Paul Schoukens Eleni De Becker Joris Beke Smets


In this paper, we take a closer look at the promotion of social inclusion in the framework of the Europe 2020 strategy, in particular the legal consequences of the incorporation of the social inclusion guidelines under the European Semester. Since the employment guidelines under the Europe 2020 strategy are now connected in a structural way to the economic guidelines, we first look at the monitoring procedures that accompany the implementation of these economic guidelines. Furthermore, we test the potential legal consequences of the integrated approach by unravelling (the formulation of) the social inclusion-related Country Specific Recommendations, and look at to what extent they answer to the economic, employment or social inclusion objectives.

The first legal consequence relates to the question of whether and to what extent the harder sanctioning tools, which have been developed for controlling the EU’s economic-oriented Country Specific Recommendations, can be similarly applied to the guidelines relating to social inclusion (such as the application of sanctions in cases when the recommendations are not followed by states). In our opinion, there is a spillover effect only in relation to social inclusion recommendations that have sufficient economic or budgetary relevance (‘social inclusion recommendations of the negative kind’, supporting economic or budgetary goals). In other words, social inclusion recommendations that support only social objectives (or only employment objectives) do not enjoy the stronger legal effects of the integrated monitoring approach.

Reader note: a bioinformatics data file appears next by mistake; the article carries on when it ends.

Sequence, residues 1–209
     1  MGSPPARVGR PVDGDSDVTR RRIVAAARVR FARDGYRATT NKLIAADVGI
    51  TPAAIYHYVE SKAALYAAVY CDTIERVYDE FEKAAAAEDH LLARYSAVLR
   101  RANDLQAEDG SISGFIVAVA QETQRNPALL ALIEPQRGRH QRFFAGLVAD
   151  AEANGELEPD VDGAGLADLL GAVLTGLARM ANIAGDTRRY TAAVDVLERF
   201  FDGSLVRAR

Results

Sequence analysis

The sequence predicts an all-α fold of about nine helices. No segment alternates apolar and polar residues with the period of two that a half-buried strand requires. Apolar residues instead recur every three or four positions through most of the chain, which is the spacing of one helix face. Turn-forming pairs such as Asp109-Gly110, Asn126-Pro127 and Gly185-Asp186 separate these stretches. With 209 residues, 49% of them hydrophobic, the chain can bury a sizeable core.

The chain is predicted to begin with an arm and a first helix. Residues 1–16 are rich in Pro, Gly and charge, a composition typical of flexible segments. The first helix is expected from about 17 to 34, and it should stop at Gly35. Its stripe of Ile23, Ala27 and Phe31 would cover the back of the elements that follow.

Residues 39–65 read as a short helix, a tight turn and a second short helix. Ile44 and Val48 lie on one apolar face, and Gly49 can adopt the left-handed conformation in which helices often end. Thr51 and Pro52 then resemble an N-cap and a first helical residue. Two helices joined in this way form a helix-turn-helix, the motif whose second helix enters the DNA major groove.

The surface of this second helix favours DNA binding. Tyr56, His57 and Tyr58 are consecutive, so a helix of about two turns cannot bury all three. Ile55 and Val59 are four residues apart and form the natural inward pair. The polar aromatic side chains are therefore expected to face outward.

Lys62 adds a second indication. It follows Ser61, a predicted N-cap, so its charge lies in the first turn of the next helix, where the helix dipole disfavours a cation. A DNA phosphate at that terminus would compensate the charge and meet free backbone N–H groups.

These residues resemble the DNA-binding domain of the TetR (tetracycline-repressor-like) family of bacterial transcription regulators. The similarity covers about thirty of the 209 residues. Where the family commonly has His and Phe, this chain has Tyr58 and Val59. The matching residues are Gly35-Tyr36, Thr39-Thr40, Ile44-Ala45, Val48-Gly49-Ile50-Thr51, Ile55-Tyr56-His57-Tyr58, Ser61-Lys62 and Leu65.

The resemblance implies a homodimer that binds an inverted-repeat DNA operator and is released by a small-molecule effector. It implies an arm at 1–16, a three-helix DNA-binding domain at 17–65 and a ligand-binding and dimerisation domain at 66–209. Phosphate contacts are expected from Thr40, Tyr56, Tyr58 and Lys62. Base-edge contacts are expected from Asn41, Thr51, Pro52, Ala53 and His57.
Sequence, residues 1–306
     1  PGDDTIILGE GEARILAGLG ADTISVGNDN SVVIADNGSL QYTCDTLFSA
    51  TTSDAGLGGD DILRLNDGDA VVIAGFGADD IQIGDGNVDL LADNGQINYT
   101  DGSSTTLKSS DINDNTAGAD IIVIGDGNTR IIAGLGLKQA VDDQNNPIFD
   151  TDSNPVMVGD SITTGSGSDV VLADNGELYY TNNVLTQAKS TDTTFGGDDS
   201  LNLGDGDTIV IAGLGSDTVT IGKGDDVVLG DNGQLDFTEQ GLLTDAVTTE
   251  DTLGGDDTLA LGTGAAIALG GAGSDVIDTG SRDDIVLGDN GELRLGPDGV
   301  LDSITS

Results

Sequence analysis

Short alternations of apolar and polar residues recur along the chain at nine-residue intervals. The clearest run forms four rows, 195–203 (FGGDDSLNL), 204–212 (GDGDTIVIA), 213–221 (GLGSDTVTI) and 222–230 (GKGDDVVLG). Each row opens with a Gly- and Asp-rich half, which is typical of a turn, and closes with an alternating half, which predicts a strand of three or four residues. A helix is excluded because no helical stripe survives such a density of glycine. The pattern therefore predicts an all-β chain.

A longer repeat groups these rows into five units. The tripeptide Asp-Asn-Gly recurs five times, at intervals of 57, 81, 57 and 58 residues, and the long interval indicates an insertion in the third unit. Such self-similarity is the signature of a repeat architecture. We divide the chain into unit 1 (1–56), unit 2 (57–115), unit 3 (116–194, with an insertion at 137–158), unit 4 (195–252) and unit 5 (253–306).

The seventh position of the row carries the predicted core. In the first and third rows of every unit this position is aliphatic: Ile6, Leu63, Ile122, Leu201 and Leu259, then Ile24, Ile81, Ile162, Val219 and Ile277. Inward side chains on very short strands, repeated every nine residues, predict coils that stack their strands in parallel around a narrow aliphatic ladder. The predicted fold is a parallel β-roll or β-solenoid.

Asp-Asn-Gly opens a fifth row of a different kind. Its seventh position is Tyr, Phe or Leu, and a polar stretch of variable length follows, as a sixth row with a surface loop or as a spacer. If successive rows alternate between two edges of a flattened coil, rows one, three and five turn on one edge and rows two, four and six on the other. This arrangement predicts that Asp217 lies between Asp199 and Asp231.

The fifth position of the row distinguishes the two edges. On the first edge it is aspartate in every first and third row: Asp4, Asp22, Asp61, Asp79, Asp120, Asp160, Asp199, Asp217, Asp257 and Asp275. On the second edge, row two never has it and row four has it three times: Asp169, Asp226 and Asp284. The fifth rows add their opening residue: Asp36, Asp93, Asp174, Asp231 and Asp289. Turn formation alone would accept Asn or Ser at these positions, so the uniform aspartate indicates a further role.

From analysing the concrete Country Specific Recommendations, we demonstrate that the incorporation of social inclusion into the employment guidelines has two additional consequences. On the one hand, social inclusion recommendations are nowadays formulated mainly in terms of employment objectives. On the other hand, the link with social inclusion also has implications for recommendations in the field of employment and economy that should not be to the detriment of social inclusion.